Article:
All of these levels of responsibility influence how communicators weigh their actions and make their decisions. Societal expectations, organizational and professional routines and norms, and individual standards are going to play a role in each decision you are faced with making. As long as you have a systematic method for evaluating each situation and for applying your professional standards, you should be able to make your information decisions in an ethical and defensible manner.
The information strategy provides you with the skills to ensure that you don’t have to resort to inappropriate, unethical, or illegal means to gather information. If one method of gathering information seems inappropriate, your skill with a well-developed information strategy means you can use another, more appropriate, method to find what you need. Being a highly skilled information gatherer in an information-overloaded society brings credibility to you and to your organization.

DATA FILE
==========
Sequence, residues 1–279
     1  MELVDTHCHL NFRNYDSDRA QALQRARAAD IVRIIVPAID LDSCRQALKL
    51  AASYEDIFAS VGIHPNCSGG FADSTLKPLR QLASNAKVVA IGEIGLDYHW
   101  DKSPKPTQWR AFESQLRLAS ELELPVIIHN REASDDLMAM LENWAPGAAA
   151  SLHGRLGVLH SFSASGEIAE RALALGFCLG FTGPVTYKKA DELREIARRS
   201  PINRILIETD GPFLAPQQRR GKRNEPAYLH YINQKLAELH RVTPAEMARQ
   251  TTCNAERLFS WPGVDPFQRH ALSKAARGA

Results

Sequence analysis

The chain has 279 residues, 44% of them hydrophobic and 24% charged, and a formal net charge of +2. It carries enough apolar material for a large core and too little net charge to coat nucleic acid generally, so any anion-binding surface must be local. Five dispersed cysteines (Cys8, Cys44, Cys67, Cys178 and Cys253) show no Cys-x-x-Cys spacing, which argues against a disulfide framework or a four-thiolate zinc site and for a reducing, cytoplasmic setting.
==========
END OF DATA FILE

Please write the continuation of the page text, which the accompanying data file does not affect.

Further, using an explicit information strategy helps you explain your standards to others. When the public, colleagues, or supervisors challenge the information on which you base a message, you can present an ordered, rational account of your information search and selection process. Using the standards and methods available in the information strategy allows others to evaluate your skill and expertise as a communications professional.